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Ladies Losing Out – No Longer

Boring Money’s ‘Ladies Losing Out’ campaign attracted 65,000 hits, 72% of which were from women, proving that there is a huge market for the one-year-old website, founder Holly McKay tells Fiona Bond

Holly Mackay, founder of consumer website, has her sights firmly set on women with her latest campaign “Ladies Losing Out.”

The campaign, which launched in June, has placed the spotlight on female appetite for risk and overcoming the barriers preventing women from making the most out of the stock market.

She says: “We carried out a great deal of research around risk and women, and what we found is that far more men are willing to take risks compared to women. Women are woefully underfunded when it comes to private pensions compared to men and we wanted our latest campaign to address the issue that ladies are losing out.”

Research found that just 10 out of every 100 women have a stocks and shares ISA compared to 17 out of 100 men and that figure rises to just 11 women out of 100 who have private pensions.

But, says Holly, evidence has shown that female investors are more likely to fare better than their male counterparts, largely because they are less inclined to play with their investments and don’t have a desire to turn the process into gambling.

“Millions of British women are missing out on the potential upsides of the stock market because they think it’s not for them,” says Holly. “Our campaign is designed to show that ‘normal’ women can crack this.”

Natural born investors

In a bid to break down the barriers and show women what they’re missing out on, Ladies Losing Out gathered seven “real women” from different walks of life to discuss their fears and concerns.

“I didn’t want high-flying women who worked in the city or had degrees in finance, I wanted this campaign to reflect the ordinary woman and show that all of us have it in us to be natural born investors.

“The women all expressed, in one way or another, a fear of risk and there was a sense that they needed much more money to invest than they actually do. The other big barrier that come out was the lack of awareness of the help and simple options available,” says Holly.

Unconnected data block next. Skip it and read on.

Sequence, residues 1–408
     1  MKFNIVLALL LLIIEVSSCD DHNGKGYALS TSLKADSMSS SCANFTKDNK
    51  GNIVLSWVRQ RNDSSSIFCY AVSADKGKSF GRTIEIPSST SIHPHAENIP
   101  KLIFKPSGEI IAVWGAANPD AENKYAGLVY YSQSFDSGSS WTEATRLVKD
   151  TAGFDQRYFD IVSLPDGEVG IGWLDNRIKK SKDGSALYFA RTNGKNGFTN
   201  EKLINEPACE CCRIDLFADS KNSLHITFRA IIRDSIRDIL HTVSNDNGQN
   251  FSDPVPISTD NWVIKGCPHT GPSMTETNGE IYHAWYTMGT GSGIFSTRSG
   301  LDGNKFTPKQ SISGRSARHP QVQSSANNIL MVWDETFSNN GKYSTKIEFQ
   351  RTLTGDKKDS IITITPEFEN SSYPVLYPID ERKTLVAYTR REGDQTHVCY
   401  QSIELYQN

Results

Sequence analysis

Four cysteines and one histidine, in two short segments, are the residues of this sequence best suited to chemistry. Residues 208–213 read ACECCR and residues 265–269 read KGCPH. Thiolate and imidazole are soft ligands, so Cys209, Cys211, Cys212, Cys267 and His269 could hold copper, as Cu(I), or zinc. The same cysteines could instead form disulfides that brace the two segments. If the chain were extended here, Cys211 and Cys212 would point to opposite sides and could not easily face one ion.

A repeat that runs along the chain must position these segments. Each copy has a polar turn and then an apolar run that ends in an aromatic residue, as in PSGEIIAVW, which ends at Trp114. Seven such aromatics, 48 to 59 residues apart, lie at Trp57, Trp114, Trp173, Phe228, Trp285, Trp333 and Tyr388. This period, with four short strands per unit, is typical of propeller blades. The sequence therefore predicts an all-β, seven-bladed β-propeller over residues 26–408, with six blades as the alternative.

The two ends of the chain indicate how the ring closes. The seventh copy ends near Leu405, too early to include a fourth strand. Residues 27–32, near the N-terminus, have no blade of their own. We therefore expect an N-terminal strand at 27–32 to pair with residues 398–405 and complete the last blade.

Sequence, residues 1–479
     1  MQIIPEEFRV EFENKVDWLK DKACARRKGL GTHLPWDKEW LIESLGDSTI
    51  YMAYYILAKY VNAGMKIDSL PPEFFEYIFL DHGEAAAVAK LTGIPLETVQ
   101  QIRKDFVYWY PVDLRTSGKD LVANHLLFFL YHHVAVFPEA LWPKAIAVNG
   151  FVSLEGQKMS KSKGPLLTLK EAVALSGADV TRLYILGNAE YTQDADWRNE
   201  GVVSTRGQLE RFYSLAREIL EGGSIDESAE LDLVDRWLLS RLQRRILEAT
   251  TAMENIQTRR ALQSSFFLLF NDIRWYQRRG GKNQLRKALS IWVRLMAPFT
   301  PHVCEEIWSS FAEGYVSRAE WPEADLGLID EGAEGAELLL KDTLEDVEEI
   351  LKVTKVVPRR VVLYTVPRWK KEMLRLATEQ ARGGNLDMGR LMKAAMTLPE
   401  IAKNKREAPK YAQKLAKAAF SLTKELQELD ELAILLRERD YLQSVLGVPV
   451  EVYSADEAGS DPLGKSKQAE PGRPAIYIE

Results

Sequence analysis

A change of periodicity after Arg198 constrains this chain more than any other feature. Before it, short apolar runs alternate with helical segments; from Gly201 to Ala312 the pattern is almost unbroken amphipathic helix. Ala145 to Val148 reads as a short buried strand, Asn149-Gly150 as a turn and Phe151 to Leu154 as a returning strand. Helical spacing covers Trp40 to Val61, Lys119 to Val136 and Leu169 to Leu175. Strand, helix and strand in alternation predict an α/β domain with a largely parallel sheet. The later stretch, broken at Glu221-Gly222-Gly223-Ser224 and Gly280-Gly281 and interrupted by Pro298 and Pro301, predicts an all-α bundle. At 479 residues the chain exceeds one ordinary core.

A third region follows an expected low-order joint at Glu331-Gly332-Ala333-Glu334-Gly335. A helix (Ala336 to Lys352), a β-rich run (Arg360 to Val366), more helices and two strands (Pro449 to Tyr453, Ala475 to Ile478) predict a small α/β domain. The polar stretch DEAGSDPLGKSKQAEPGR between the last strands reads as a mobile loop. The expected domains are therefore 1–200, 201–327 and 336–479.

In response, the Ladies Losing Out microsite has created three simple steps to help women improve their financial future, focusing on retirement income, private pensions and stocks and shares ISAs.

Since launching the campaign last month, there have been 65,000 visits to both the Boring Money website and the campaign microsite and across both, traffic has been 72% women. In addition, the two-minute video designed for the campaign has racked up over 300,000 views on Facebook and Youtube.

“What we’ve done with our latest campaign is challenge the marketing status quo,” says Holly. “ The finance industry continues to talk to the same group of affluent 55 plus men and we know there is a different, new and broader audience of people who want help with money.”

Holly says the biggest surprise was the age group, with 36% of the site’s traffic coming from those aged between 35 and 45 years old, while 23% were between 45-55 and 22% visitors fell into the 25-35 age category.

Human interest story

Feedback and online discussions around the campaign have been largely positive, with the majority of women pleased that Boring Money has cut through the financial jargon, and Holly believes its success has partly been down to the fact that they’ve targeted the mainstream press, rather than focus on financial press.

“We’ve made this more of a human interest story rather than a finance story. I think when you address the gender inequality it works better in terms of public awareness and engagement and that’s what we want to achieve,” she explains.

Following on from the success of its latest campaign, it comes as little surprise that Boring Money is gearing up for its third consumer campaign in October.

“We plan to continue with our ‘targeting by tribe’ to get the messages over,” says Holly.

But it doesn’t end there for the website, which celebrated its first birthday this month. In addition to the campaigns, Boring Money is venturing into the conference space, with its first event “It’s The Consumer, Stupid!” taking place in September. The one-day event aims to show attendees how to deliver investment solutions to today’s consumer.

“Conferences are a new direction for us, but one that we will definitely be following. We wanted to shift the balance to talk about the consumer rather than focus on the adviser, like so many other events seem to.

“If you’re going to be successful in today’s technology-driven, fast-paced world then you need to centre your approach on customer experience,” she adds.

Visit Ladies Losing Out on the Boring Money website

Fiona Bond is a freelance journalist and media consultant


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